Meyer: Jensen Tried to Reform Assembly
A passionate Meyer opened by reflecting on the testimony of David Prosser, Marlin Schneider and Mac Davis, who all testified to Jensen's character.
"They all took the stand, put their reputation on the line both here and in the public, to tell about the Scott Jensen they know - a man of the utmost integrity - his word is good."
Meyer said Jensen was trying to reform the Assembly. "He pushed that institution kicking and screaming to reform itself," he said.
Meyer called Richard's testimony "preposterous," particularly her claim that Jensen made solicitations to lobbyists from his office phone. Jensen rented space in the RPW to make fundraising calls, Meyer said, to avoid breaking "the age-old rule in the Capitol - you do not solicit money from your office."
He said Blanchard's recounting of gains in Jensen's campaign account didn't point out that Richard left in '99. "These numbers aren't due to Carrie Hoeper Richard. She wasn't a fundraiser. You know staff didn't make those calls. It has to be a legislator," Meyer said.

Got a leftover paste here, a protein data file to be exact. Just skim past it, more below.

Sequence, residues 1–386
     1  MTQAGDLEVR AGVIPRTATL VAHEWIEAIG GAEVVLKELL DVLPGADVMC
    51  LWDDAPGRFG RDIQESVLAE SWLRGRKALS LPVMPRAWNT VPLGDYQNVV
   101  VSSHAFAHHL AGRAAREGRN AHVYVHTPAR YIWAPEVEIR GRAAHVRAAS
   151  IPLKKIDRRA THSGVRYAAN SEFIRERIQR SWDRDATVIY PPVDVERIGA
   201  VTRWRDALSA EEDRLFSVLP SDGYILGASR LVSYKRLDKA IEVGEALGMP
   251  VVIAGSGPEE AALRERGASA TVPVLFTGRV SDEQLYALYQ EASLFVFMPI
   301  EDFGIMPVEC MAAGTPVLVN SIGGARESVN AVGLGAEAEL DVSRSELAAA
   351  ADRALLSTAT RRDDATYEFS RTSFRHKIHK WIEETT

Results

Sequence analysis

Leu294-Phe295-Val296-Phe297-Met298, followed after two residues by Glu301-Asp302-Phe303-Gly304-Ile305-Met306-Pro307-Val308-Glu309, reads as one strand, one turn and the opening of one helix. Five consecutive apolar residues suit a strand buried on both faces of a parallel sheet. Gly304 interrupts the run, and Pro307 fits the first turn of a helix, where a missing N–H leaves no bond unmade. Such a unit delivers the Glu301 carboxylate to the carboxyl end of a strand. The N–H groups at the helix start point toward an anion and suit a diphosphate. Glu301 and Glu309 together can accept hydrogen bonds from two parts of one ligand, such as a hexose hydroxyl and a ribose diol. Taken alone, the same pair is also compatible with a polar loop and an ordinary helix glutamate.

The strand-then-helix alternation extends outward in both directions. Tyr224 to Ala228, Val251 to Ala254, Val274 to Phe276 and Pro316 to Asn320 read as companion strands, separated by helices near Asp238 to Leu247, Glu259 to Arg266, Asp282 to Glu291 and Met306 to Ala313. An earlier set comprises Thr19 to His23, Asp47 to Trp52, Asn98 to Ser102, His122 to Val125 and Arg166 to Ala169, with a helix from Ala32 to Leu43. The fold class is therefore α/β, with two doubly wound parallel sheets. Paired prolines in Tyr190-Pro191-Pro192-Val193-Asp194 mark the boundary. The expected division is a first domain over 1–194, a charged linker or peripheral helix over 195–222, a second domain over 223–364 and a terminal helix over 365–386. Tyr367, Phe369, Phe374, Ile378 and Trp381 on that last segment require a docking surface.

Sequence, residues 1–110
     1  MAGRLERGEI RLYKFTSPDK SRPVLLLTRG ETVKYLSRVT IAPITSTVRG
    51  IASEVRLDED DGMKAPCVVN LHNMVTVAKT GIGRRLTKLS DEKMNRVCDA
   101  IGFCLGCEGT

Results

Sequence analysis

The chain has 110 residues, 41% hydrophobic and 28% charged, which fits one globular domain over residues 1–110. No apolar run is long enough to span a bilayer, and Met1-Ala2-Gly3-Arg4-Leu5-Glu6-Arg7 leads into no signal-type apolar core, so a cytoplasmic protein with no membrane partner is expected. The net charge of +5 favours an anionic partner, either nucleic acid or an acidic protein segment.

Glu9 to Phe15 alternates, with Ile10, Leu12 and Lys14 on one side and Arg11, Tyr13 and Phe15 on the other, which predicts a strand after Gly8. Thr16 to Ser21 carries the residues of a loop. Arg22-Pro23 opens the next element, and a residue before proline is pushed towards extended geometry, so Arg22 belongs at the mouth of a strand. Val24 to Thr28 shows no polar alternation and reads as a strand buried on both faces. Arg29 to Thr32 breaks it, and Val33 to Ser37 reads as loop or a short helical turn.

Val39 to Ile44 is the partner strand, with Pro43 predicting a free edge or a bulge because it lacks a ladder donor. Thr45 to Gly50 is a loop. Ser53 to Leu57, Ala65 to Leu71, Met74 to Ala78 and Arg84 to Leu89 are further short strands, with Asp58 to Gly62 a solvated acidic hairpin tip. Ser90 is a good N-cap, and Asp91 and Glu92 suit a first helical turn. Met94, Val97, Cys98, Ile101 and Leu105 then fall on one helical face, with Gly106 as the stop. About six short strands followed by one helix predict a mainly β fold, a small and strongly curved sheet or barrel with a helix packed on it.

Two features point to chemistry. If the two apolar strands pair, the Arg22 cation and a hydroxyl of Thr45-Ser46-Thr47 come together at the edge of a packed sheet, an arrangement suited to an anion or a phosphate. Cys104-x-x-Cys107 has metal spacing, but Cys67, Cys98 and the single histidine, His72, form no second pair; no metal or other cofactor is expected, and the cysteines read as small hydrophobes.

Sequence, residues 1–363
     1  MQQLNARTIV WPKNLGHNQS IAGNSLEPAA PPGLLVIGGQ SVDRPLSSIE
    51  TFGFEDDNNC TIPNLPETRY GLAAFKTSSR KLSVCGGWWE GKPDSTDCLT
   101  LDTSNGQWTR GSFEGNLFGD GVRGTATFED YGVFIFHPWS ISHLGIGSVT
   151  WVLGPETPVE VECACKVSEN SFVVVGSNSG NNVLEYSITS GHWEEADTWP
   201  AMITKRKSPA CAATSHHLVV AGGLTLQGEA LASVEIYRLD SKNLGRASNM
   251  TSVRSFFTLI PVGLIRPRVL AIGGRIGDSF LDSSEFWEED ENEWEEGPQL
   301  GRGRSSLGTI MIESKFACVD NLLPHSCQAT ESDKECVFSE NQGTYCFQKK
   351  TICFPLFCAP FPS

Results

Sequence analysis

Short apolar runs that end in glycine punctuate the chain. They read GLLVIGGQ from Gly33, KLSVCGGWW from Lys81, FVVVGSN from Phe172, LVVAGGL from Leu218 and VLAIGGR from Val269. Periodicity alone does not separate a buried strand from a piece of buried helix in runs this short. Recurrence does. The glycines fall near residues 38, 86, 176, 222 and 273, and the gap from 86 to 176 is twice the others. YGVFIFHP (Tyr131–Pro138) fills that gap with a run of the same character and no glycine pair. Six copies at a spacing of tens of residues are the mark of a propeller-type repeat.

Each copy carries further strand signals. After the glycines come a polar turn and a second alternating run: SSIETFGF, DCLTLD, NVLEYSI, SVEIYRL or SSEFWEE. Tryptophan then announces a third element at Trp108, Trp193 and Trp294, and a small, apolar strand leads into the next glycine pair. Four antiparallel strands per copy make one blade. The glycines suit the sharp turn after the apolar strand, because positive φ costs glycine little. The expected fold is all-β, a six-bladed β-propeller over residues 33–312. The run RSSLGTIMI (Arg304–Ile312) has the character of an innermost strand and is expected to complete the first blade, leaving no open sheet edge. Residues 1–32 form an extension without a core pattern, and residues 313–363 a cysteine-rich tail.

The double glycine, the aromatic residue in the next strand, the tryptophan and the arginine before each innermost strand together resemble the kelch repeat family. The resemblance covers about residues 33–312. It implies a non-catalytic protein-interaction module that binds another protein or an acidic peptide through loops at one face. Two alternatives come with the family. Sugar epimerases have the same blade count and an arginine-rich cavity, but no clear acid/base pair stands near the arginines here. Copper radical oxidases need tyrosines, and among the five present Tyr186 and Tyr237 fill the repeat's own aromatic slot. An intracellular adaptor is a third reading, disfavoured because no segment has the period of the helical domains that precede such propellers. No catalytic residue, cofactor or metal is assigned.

Meyers then tried to explain why Blanchard brought up the numbers. "He wanted to make it feel like money is dirty," he said mockingly. "That's what this case is about."
Meyer said off-state payroll amounts increased while Jensen was speaker, and said Jensen's reform agenda preceded the media reports the prosecution has claimed spurred the elimination of the caucuses. Jensen, Meyer said, told Scocos to do a top-to-bottom review of the Assembly operations in January 2001 -- the first articles appeared that May.
"Now the guy who tried to fix the system is standing there with a target on his back because he didn't fix it fast enough," Meyer said.